By Kirran Khan
The early stage (0-8 years) of life is a crucial time period for a child’s holistic development. This stage is the period of tremendous growth and development (UNICEF 2012). Play is the universal language of childhood. Children have the right to play and engage in activities which are appropriate for their age. Play is an activity which contributes to the overall development and learning of children. According to Sluss (2015), it helps in building all the developmental domains such as the physical, social, emotional, cognitive, language and academic development. However, if we see in the context of Chitral, the community is mostly seen not favouring play in early years. As a community member and an Early Childhood Development (ECD) teacher I want to share my own experiences. During my teaching in Chitral I was questioned mostly by the parents, especially mothers who if I had nothing to teach in class. They expressed their displeasure in engaging the kids in learning through playing and singing activities.
If we keep a light glance on different research studies on early childhood, the results speculate that nearly one quarter million nerve cells are formed per minute in a child’s brain when s/he is in the mother’s womb. That is where her/his development starts. From birth till the age of 6, a child’s brain develops remarkably and during this period, children develop their senses and play is the best tool for them to explore and experience the world around them (Blasi, Hurwitz & Hurwitz 2002; Meyers, 2010; Pardhan & Juma, 2011).
Chitral is culturally bound area where mothers have a specific perception regarding bringing up their children and supporting their children’s learning and home environment.
While males are considered the bread earners and income generators who support their families, thus, they mostly have to stay out of home or out of town. Being a close observer and having close interaction with mothers of Chitral, I have experienced that a myth which was believed in decades ago still has a control over the thoughts of the young parents, who are of my age. They argue that home is the best place for play and school is the place for reading and writing. They are completely blind to the fact that academic development is only one aspect of a child’s nurturing process. Socialization, conflict resolving abilities, understanding of self and others’ emotions, development of rightly body movement etc., are elements that are as important as academic development.These aspects of development lead the foundation to make a healthy individual. Furthermore, literature portrays play as a self-organizing system because when children interact with each other they influence each other’s development and they organize themselves by showing self-discipline or self-responsibility. In this way, they understand each other and start making sense of the world around them. Play is also very important for children’s healthy development. Children get the opportunity to interact with peers and the physical nature of the play, dealing with conflicts and socializing with others contributes to the physical development of children (Bento & Dias, 2017).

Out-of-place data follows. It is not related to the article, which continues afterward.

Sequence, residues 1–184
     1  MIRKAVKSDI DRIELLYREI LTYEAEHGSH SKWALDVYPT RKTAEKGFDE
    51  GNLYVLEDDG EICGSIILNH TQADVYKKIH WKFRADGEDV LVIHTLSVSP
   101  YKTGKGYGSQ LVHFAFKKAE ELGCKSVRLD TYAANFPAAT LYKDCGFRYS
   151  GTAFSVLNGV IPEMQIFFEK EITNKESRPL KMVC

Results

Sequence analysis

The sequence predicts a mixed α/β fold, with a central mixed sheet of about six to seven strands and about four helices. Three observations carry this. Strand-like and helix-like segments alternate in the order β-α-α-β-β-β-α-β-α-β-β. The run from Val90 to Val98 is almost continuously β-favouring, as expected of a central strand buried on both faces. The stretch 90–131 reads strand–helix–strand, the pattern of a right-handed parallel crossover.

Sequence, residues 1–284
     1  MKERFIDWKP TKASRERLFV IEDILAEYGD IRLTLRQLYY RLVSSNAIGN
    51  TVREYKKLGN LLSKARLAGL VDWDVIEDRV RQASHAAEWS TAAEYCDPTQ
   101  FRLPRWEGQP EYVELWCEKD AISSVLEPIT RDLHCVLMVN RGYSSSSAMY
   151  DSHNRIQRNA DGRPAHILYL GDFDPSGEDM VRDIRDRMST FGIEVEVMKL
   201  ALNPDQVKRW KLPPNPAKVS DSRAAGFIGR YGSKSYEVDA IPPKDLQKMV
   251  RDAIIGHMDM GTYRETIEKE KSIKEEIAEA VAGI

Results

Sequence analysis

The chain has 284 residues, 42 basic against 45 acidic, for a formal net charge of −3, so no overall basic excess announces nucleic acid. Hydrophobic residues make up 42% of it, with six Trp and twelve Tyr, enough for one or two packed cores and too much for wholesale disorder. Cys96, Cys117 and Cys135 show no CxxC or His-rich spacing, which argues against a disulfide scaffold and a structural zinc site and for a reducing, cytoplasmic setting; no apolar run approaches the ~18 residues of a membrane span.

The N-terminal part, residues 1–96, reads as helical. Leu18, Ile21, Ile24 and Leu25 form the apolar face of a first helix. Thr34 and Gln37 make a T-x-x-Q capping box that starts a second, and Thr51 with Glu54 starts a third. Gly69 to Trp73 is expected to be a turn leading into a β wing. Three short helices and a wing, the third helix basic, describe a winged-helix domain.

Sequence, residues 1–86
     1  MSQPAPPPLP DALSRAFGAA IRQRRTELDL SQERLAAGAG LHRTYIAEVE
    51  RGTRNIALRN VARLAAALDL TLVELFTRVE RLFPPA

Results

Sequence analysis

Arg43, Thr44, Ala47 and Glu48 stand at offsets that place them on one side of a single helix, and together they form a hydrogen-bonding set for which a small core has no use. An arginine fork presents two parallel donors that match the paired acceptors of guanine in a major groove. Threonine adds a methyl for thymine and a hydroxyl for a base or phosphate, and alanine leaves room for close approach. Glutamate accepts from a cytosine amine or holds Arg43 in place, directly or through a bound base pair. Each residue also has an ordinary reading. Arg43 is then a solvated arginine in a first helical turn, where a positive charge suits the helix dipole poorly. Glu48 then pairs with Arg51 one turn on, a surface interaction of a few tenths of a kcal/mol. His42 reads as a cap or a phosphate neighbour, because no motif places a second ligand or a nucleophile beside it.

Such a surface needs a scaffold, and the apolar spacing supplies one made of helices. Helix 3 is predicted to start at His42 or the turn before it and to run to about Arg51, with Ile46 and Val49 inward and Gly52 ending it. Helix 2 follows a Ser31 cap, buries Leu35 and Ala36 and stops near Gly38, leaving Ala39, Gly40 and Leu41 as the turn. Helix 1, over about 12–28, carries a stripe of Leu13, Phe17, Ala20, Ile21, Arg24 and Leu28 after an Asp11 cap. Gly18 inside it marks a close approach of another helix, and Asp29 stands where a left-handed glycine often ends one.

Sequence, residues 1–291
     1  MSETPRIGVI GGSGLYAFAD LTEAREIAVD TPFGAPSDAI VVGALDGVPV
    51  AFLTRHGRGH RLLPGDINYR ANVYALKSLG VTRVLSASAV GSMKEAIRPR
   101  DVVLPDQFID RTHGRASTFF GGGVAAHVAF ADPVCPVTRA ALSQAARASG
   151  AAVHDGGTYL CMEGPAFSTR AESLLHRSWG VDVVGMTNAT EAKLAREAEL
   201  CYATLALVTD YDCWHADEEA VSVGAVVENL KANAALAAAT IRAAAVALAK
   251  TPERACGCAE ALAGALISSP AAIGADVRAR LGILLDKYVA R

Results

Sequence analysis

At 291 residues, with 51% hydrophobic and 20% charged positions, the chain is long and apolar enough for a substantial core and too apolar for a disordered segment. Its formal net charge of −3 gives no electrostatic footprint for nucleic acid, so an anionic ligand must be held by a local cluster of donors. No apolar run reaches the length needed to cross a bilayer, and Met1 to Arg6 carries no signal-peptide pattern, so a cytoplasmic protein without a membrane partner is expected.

Recently, I had an opportunity to survey the opinions of mothers who have children aged 4 to 6, enrolled in ECD centers in Upper Chitral. The data collected from 8 ECD centers showed that mothers are in favor of play and want to play with their children;however, they are less likely agreed to engage themselves in their children’s play activities. This is mostly because they are culturally bound and their other household responsibilities do not allow them to spare time with their beloved children, in this crucial age of holistic development.
I want to leave the decision to the readers regarding encouraging the mothers to provide their children opportunities to play and also to engage themselves in their children’s play activities. Secondly, I would like to ask “are mothers the only parents who are responsible for the upbringing of their children?”